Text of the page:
Making friends at Monsters University

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By: Center For Worklife - Expert Reviewer

Making friends at Monsters University

First comes high school, then comes college, then comes the stress of adulthood. Like Sully and Wazowski in Monsters University, most of us find surprising friendships and build lifelong relationships when we attend college. After that, every minute of the day becomes consumed in meeting deadlines, skill development, taking care of the kids and balancing life in general. Amidst it all, what happens to friendship? Real Simple and Families Work Institute found that on average, women between the ages of 24 and 54 reported having less than 90 minutes a day of free time. In addition to lack of time, in person relationship building is being replaced with social media and texting.

The more society devalues friendship, the more it happens on a personal level. Or maybe that is in reverse. Whichever the order, news sources like USA Today have touched on the topic of dying relationships and shallow friendships. This is a saddening evolution in human culture. When did something so important become obscure? While shedding light on the root of this problem is helpful, perhaps it is best to focus on changing for the better.

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Table of Contents

Monster University Tips for Friendship Building:

  1. Don’t overlook friendships that stem from working relationships. British writer Mark Vernon suggested that our closest friends are those that mirror ourselves; they help us realize we are not alone. It is isn’t surprising that you would have a lot in common with someone who spends their days on a similar career path or at the same company. Often workplaces today are seeking to foster work friendships. In Friendships and Work: A good or bad partnership, published by USA Today, Natasha Burke and Zipporah Dvash serve as a prime example of successful work friendships. For that matter, the friendship of Steve jobs and Bill Gates also supports the theory. The importance of work friendships directly correlates to daily happiness, so utilizing professional team building and communication training can go along way to boost progress.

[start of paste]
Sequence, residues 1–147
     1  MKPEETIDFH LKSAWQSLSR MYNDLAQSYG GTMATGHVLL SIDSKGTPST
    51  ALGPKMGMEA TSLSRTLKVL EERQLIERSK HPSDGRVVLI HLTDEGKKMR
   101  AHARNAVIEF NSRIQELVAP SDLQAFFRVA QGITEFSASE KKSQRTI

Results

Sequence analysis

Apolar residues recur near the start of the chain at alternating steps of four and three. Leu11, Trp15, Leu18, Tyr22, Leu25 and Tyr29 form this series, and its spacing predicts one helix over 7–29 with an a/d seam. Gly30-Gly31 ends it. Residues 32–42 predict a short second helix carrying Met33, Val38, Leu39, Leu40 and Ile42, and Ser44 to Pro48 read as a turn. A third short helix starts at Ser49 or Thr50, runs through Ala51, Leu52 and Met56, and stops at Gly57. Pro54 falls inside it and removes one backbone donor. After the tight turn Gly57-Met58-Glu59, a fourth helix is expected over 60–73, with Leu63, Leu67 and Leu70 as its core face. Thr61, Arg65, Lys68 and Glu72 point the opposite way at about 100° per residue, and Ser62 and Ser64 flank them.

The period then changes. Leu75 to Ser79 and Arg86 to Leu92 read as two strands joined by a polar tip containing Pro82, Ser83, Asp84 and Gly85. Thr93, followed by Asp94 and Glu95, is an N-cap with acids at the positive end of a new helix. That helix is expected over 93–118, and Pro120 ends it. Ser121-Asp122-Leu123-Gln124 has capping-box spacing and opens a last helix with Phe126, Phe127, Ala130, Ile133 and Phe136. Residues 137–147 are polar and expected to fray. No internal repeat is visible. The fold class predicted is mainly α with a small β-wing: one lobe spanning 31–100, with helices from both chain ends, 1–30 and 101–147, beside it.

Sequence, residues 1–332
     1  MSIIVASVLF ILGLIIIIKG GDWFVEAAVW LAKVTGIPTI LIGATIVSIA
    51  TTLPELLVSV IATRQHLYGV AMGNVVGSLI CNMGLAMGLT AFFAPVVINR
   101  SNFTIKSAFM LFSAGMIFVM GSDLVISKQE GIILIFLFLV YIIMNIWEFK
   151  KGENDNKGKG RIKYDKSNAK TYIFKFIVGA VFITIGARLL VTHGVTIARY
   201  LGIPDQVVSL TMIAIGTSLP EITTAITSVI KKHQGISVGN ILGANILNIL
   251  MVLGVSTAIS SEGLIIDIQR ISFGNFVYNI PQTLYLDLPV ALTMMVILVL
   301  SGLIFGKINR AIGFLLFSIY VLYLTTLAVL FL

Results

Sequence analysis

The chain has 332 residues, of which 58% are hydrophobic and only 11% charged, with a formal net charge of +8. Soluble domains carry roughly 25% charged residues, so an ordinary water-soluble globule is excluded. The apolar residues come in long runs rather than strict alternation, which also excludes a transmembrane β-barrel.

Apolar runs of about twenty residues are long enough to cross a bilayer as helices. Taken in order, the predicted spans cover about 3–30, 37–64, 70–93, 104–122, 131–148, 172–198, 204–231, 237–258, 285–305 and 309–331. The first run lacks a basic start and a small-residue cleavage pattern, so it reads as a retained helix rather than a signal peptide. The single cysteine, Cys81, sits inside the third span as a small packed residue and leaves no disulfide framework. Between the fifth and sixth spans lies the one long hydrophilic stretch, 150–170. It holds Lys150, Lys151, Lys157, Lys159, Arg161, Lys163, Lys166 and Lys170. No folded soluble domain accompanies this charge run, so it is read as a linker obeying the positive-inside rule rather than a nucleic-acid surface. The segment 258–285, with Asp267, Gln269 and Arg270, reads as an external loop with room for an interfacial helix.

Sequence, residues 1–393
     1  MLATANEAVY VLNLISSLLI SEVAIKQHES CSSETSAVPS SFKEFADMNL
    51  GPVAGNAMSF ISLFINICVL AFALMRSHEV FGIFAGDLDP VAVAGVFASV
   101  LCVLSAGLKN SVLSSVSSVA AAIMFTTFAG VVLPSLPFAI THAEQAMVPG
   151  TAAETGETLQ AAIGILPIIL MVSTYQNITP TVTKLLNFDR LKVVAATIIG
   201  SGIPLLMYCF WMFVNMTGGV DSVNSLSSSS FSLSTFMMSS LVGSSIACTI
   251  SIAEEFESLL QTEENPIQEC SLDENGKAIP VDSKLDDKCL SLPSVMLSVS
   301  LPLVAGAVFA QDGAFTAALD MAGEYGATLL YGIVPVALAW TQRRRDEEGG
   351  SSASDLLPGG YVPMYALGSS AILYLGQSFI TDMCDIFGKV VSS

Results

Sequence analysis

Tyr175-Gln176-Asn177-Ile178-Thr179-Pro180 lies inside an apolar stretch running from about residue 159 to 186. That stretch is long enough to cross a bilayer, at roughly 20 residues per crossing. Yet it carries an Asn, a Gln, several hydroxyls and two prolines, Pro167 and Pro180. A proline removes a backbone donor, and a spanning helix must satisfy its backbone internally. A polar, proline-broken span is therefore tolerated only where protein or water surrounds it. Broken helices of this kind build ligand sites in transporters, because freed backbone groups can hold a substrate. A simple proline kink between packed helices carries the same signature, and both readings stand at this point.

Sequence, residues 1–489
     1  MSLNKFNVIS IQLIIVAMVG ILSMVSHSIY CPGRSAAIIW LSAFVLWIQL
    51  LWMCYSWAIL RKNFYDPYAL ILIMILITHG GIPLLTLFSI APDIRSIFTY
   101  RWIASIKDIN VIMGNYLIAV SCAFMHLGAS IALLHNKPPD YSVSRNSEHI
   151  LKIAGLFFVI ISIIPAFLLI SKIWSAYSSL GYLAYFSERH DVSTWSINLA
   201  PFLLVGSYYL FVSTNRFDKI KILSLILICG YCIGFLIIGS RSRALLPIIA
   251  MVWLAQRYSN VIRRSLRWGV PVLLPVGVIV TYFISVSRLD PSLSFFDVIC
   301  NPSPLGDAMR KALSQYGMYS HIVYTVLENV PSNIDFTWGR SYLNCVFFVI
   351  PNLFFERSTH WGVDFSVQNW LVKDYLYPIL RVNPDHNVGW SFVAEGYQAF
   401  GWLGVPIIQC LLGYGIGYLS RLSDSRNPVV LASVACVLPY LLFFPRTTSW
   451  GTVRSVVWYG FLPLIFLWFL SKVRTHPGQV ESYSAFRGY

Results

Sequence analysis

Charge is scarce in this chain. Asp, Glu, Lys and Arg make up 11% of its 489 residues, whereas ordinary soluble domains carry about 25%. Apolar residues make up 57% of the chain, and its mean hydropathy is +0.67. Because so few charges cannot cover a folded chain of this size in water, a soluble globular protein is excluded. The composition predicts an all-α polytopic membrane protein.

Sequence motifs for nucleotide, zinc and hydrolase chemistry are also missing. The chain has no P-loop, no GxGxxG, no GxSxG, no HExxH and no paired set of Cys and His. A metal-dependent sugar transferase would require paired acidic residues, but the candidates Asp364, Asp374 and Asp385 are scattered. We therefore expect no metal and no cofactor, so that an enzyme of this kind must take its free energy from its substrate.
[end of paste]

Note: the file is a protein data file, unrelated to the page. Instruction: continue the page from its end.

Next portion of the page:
2. We should not let 90 minutes of free time a day act as a cage. Friendships might not be possible to squeeze around a tight schedule, but why can’t they fit in a tight schedule? Make friends when you hit the gym, within a professional organization or make connections with the other parent’s at your child’s school. Sometimes you just have to light the friendships that are already waiting for you.
  3. Dedicate one evening a week to joining a band, attending a Meet-Up group, becoming part of a soccer league or volunteering. Add something you love to your schedule outside of your normal routine and bond with people of similar interests.
  4. This is not an easy venture for anyone and sometimes professional work life balance coaching can help. You can always learn to prioritize, balance and grow. No matter your title or your circumstance, friendships should be an important part of your life.

William Shakespeare said that “a friend is one who knows you as you are, understands where you have been, accepts what you have become and still, gently allows you to grow.” The ball is in your court; now go find someone to play.

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